Convenience chain McColl's has revealed a 7.6 per cent increase in revenues for the first half after it took over a clutch of Co-Op stores.
Revenue reached £504.8m in the first half of 2017, compared to £469.2m in the same period last year.
This was largely due to the on-boarding of 298 Co-op stores, though not all of them were trading throughout the period.
The expansion means the McColls UK footprint has increased by 80 per cent since floating on the stock market in 2015.
But exceptional costs from the integration of the new stores hit pre-tax profits, which nearly halved from £8.2m to £4.5m in the period.
The group also beat expectations by improving gross margin by 90 basis points, an increase of 25.4 per cent.
Why it's interesting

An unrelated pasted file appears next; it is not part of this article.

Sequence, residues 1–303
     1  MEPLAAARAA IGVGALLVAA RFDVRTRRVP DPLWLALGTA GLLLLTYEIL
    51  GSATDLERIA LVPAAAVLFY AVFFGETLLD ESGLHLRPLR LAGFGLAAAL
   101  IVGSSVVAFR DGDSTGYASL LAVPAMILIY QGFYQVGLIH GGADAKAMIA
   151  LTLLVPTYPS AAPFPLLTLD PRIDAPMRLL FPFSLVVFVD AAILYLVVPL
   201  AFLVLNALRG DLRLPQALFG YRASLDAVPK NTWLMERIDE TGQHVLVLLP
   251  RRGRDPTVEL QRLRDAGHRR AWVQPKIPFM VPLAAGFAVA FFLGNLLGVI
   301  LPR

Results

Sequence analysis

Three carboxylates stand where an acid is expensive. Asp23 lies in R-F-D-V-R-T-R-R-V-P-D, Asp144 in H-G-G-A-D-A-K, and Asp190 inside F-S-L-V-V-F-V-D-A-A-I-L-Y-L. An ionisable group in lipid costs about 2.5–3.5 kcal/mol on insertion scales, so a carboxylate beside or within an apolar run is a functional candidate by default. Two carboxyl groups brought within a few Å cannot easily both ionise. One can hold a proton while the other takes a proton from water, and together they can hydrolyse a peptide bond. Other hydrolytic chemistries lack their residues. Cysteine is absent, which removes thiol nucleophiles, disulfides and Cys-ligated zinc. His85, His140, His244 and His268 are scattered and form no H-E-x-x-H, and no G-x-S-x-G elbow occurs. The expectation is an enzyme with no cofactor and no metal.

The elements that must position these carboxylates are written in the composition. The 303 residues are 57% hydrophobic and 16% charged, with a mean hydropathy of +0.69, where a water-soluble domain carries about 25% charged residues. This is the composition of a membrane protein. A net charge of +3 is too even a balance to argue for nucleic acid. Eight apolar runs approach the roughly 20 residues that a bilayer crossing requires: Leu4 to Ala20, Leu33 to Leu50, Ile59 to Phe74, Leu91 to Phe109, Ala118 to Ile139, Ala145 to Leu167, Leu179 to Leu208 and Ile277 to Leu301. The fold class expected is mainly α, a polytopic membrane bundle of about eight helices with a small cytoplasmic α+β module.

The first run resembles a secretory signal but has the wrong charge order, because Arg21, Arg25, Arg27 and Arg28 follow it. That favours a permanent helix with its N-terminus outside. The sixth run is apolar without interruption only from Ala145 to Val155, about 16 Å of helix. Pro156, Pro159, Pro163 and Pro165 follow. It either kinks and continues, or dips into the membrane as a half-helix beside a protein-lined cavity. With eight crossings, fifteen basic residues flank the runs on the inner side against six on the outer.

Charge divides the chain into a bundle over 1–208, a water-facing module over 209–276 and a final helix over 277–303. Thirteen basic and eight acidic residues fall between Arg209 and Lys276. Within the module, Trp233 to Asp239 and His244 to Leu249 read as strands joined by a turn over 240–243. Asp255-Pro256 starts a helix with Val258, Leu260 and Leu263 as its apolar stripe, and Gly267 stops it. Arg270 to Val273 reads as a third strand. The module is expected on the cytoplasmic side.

The grocery sector is undergoing a shakeup as the big supermarkets seek to buy up smaller contenders and other parts of the supply chain. Just this weekend it was rumoured that Asda was looking to buy bargain furniture retailer B&M.
McColl's has been caught up in the middle, as it held its own talks with Sainsbury's while the big four retailer was also looking to buy McColl's supplier Nisa.
Competition is hotting up since Tesco's buyout of Booker and Amazon's takeover of Wholefoods. Convenience stores represent an attractive level of neighbourhood penetration so McColl's has the chance to play kingmaker in upcoming deals.
What the company said
Chief executive Jonathan Miller said: "Our focus remains on enhancing our convenience proposition through growing market share, developing our product ranges and delivering excellent customer service.
"As the wider convenience and wholesale sector evolves and continues to grow, McColl's is in a strong position to benefit. We remain confident that our standing as a leading neighbourhood retailer will allow us to continue to achieve further progress against our strategy and deliver sustainable returns for shareholders."